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Let’s start off with the reality of the hours involved in being a consultant…
One of my former clients, who was local (a rare occurrence), required all consultants to work onsite — for me that involved arriving between 7:30 and 8 am and leaving after 6 pm.
My commute adds another 2-1/2 to 3 hours to the day.
Total daily time involved was 12-1/2 to 13-1/2 hours, weekly that would be between 60 to 65 hours.
Actual time working?
45 to 50 hours, if there was lunch (usually consumed while working).
That’s between 17 and 25% of the time just traveling, unproductive time as it’s not good ethics to be making confidential and personal data available to prying eyes in a public area.
Now before this gig, my average commute to distant clients required me to travel which would involve flying on Sunday night or Monday morning, 5 to 7 hours average. home door to destination airport.
Many times I would have accommodations within 10-15 minutes drive to the client so total travel time at the beginning of the week was less the 5/12 to less than 7-1/2 hours.
Returning home on Thursday night (not very often) or Friday afternoon (most likely) and work 8 hours of Friday – however the travel was usually much longer due to weather conditions, if lucky 6 hours – if not, 12 to 18 hours (which was the norm 75% of the time)…
Most commonly accompanied by a nap on an airport chair or floor, or nearby hotel…
Monday through Friday would find me awake between 4 and 4:30 am, immediately popping open the computer, and retiring for the day between 11 pm and midnight.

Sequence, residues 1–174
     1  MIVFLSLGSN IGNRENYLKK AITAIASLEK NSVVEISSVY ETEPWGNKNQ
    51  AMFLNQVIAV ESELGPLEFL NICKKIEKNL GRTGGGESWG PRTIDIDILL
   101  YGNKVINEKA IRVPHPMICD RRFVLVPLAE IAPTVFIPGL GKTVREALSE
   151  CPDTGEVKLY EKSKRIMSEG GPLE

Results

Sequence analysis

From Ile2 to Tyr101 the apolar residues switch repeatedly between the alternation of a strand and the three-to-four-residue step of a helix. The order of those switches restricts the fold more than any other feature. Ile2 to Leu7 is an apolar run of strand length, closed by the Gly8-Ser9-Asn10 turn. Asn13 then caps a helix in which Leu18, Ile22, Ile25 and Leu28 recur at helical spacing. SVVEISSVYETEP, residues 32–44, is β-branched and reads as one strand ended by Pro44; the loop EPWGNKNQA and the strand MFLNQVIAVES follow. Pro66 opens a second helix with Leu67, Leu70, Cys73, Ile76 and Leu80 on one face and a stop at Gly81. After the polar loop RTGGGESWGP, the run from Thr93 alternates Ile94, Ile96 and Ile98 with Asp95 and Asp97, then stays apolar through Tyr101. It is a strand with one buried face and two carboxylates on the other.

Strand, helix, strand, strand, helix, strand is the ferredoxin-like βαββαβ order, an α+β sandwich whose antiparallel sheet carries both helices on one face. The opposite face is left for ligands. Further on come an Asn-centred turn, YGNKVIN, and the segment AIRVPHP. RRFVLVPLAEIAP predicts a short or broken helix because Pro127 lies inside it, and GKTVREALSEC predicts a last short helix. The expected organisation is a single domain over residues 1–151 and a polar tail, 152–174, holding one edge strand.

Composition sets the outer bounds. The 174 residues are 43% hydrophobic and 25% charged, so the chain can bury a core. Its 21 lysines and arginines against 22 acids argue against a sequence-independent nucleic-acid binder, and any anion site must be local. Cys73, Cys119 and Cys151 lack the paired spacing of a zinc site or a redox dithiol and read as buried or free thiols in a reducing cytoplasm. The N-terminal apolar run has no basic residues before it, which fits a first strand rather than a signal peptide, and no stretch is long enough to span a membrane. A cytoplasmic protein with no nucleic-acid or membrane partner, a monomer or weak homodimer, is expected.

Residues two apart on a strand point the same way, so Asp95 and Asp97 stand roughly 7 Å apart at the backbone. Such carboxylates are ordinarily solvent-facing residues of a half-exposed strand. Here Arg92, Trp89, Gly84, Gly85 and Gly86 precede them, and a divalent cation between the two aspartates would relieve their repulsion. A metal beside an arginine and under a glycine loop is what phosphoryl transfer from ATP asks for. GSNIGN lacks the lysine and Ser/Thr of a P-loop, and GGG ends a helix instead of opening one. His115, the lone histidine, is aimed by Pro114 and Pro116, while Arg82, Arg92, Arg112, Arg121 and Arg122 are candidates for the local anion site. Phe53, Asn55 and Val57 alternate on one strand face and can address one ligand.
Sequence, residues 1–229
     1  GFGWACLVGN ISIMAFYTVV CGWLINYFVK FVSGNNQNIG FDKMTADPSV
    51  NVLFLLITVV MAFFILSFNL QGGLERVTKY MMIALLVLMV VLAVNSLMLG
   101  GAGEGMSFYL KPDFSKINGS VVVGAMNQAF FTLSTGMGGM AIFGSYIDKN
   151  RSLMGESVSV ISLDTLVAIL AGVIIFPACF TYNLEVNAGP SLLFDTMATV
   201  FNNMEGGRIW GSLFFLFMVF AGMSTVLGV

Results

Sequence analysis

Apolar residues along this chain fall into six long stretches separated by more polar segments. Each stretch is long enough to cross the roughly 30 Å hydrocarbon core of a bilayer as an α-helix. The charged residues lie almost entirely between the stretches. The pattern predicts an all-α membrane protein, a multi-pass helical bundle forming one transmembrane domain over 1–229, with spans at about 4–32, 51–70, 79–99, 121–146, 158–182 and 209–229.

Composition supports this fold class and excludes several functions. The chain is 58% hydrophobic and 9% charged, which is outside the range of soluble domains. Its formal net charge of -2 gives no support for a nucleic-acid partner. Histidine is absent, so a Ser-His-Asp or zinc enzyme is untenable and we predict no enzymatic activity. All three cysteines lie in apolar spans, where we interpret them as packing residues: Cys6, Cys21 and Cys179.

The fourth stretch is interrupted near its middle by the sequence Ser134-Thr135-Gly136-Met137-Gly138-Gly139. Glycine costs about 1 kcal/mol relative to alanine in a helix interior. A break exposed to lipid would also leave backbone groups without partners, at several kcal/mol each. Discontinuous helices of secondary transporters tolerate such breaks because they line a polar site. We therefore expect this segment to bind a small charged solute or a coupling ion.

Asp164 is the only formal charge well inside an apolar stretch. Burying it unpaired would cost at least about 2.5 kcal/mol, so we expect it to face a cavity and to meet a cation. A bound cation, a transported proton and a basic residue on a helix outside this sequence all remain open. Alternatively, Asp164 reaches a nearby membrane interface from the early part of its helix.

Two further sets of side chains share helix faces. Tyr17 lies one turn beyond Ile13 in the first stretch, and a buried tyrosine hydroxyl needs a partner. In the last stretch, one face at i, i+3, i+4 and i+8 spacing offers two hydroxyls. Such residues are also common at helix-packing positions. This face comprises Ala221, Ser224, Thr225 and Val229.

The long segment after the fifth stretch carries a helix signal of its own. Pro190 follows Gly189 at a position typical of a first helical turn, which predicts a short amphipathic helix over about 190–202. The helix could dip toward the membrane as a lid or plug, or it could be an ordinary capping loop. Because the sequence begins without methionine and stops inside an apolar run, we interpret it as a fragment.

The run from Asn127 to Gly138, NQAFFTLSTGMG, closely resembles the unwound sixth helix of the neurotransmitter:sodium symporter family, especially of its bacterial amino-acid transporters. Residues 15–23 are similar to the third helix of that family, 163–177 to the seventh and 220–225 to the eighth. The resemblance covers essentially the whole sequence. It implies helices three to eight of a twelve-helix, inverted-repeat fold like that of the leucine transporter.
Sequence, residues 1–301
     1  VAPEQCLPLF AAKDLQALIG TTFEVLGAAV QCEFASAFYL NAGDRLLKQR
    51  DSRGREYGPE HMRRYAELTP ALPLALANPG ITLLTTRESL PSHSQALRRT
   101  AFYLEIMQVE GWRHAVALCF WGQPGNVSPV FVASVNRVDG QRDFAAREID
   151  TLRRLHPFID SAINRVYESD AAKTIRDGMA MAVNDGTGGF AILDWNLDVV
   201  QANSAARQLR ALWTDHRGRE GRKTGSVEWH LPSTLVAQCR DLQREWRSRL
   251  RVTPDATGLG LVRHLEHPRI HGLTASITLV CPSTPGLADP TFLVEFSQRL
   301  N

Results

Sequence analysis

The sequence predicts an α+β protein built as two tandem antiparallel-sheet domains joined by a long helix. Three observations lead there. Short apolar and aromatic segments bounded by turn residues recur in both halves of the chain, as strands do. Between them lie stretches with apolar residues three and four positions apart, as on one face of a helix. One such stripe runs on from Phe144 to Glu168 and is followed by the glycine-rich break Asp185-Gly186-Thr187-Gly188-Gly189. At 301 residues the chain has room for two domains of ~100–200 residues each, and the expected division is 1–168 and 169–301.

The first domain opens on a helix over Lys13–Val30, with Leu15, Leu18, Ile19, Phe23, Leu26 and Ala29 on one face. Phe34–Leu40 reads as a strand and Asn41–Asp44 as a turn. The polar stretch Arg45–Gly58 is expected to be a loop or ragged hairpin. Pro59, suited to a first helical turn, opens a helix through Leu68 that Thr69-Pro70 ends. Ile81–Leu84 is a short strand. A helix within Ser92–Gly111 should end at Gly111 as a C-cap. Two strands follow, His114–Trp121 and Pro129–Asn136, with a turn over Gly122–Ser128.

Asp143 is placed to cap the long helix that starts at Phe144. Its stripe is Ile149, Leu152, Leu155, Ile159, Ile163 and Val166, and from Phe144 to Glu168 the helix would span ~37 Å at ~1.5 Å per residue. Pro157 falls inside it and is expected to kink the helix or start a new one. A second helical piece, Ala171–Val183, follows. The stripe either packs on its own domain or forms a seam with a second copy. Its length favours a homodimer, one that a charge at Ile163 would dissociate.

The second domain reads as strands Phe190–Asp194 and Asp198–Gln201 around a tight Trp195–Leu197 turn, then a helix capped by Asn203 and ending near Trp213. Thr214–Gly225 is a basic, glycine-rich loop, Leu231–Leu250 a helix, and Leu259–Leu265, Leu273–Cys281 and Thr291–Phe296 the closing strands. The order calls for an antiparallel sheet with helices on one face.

Personal time was saved for the 45 to 90 minutes for dinner – the balance of the near 17 to 18-1/2 hours was consumed by meetings, conference calls, and whatever else needed to be accomplished.
Total time devoted weekly business would be between 70 and 85 hours, plus travel time… with a total time vested just for work being 75-1/2 to 103 hours per week…
For the full-time employee, the time devoted to producing a paycheck consumes most of their waking hours – and travel to the place of work can add a few hours a week for those living near their place of employment or their client(s). For others, the travel can add as much as another full working day — or more — to the work week.
From the connections I have on social media, it is not uncommon to be investing 2, 2-1/2 to 3 hours a day, just in commuting — if you are investing less, then count your blessings.
You do the math from their but it is safe to say most are investing 20 to 25% of their time for work no matter how many hours they work.
So what’s up with having a home office?
As for a home office, I have had several clients I have never met.
Depending on the client, we had worked together for a few months to more than a year.
I rise every morning at between 2 and 4:30 am (that doesn’t mean everyone who has a home office needs to) and I’m at my desk shortly after a quick breakfast and coffee.
Lunch as scheduled (usually 20 to 35 minutes), and then continue working until it was time for me to either cook dinner for me and my wife unless she wants to cook (we both love to cook).
After dinner, more personal chores then I would return to my office while she pumps NetFlix for her favorite entertainment while we would have a date night a couple of times during the work week.
I will continue to work until midnight, taking a break as my wife retires for the night (sorry, no details here, HA!).
Total hours at my desk? Usually 12 to 17 hours a day, or 60 to 85 a week…
Commuting from the kitchen or bedroom — about 30 seconds, or about 5 minutes a week.
Difference? I actually was able to enjoy the harvest of my labors for a change.
Overall, from my experience, my clients that allowed me my to home office were happier clients and we were able to maintain good relationship.
My wife is happier as well.
I was no longer a transient that arrived for weekends or late week nights.
From my experience, it is no myth that the happiest employees are those that have a balanced life between work and home.
Here are some of the more common myths I have heard…
Myth #1 — An employee will be slack
If someone at home office has enough time to be slack, then someone at the work office has not provided enough work and a more than reasonable timelines for deliverables.